Farm exclusions and qualified exemptions may also represent a concern for consumers. By taking farm size into consideration, FSMA decreases the potential impact that the exit of smaller firms may have on market concentration, which, as described by Ribera and Knutson (2011) affects consumer choice in terms of product diversity and prices. However, it shifts the problem of consumer choice from one of product diversity to one of food safety oversight. Because, by law, FSMA does not impose third-party food safety verification for unregulated farms, food safety assurance for products from these farms will depend on whether buyers demand it. For the case of direct-to-consumer sales it will depend on verification by end-consumers. Hence, unregulated farms may find it in their best interest to inform consumers about their food safety practices, or to market their adherence to one of the many private or public food safety standards available. Many farmers’ markets, for example, have established food safety rules that vendors must comply with.
Eating fruits and vegetables is an important part of a healthy diet, but equally important is to adhere to food safety standards when consuming fresh produce. FSMA reflects the substantial interest of the federal government in reducing the risks for foodborne illness outbreaks.
Perhaps at a considerable cost, FSMA does mark a shift towards a common, harmonized set of much-needed science-based standards to better protect fresh produce safety. To navigate this reform, the private-public partnership needs to be stronger than it has ever been. Farms that are not covered by or exempt from FSMA will need information on alternative standards in order to remain active market participants while contributing to a safe food supply. Covered producers need access to practical information that will enable them to comply with FSMA, and any other industry food safety requirements, in a timely manner at the lowest cost possible. To the extent possible, they need to be active participants in the rulemaking process by expressing their views through FDA’s public engagement sessions.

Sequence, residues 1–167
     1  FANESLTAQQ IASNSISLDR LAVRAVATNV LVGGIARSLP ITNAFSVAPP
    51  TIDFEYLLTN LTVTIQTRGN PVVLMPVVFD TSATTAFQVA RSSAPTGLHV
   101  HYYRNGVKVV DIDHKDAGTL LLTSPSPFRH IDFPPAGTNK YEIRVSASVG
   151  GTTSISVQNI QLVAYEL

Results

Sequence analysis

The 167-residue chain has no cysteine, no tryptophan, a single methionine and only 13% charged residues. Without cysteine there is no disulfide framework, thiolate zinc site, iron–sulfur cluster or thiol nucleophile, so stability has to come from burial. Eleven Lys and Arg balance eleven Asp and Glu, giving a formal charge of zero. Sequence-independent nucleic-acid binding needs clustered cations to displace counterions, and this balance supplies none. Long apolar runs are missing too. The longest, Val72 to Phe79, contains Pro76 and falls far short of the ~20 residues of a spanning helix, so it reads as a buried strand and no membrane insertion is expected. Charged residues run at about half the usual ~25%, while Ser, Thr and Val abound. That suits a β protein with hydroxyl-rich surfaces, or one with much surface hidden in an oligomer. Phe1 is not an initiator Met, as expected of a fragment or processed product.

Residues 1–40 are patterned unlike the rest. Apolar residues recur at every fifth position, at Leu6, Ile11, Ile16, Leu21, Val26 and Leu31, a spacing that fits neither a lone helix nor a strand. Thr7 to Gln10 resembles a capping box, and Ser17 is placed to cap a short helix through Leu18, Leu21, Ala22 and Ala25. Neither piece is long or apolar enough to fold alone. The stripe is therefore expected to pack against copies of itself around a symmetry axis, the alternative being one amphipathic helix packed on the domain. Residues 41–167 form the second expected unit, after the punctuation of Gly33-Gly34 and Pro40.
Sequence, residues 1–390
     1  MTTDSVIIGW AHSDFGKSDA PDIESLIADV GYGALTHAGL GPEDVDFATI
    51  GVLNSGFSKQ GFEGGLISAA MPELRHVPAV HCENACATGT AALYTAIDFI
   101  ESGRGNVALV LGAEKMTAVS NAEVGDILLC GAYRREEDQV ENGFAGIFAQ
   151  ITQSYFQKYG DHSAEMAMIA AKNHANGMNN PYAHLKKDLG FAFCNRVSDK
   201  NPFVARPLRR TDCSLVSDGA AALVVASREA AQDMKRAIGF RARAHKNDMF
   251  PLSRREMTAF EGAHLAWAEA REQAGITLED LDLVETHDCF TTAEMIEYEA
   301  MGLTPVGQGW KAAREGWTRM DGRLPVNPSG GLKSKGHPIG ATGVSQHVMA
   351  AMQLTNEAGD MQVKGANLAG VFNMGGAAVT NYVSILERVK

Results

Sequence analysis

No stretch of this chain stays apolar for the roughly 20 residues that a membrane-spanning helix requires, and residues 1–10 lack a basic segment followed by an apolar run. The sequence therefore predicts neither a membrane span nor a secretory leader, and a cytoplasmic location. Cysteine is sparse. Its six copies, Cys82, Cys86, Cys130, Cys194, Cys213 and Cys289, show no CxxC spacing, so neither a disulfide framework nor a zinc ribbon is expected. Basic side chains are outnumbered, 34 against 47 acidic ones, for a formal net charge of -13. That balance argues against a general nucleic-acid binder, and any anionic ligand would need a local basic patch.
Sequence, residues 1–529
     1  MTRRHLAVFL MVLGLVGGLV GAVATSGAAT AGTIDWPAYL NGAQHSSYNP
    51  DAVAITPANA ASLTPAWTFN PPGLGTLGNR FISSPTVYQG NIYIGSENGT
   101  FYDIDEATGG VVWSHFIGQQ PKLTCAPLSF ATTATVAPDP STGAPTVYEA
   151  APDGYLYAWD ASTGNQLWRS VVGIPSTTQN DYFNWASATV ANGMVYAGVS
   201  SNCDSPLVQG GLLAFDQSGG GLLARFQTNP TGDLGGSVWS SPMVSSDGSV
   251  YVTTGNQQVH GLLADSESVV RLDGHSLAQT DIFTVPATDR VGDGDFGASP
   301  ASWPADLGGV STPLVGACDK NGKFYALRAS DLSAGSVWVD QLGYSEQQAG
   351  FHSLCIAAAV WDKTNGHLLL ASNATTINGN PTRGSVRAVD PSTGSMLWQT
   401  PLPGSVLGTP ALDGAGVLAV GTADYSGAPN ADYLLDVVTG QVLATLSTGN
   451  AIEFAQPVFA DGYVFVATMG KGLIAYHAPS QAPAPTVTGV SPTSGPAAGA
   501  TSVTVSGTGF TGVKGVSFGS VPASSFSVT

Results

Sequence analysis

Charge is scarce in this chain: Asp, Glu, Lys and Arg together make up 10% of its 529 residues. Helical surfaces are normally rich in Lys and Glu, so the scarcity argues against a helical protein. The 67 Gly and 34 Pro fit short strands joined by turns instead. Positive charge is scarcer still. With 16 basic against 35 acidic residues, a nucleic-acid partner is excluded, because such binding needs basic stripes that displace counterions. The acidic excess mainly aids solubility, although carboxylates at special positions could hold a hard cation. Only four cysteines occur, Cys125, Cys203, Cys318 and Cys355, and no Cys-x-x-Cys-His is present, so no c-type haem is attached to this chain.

If, as expected, costs are passed down to end-consumers and FSMA’s implementation costs translate into higher food prices, access to a safe supply of fresh fruits and vegetables, particularly for vulnerable populations, should remain a pressing food policy priority. The Agricultural Act of 2014 made some advances to support the specialty crop industry by re-establishing or funding new programs, many of them in the nutrition title, to increase access to fruits and vegetables (Collart and Coble, 2014). However, nutrition policy should go hand in hand with food safety policy, and both coupled with consumer education. Particularly for residents of food deserts, consumer education has been shown to be a better predictor of healthy food choices than increasing access to healthy food options alone (Elbel et al., 2015; Handbury, Rahkovsky, and Schnell, 2015). In the end, education has the potential to not only help consumers access a safe food supply, but also help them reconnect with where their food comes from.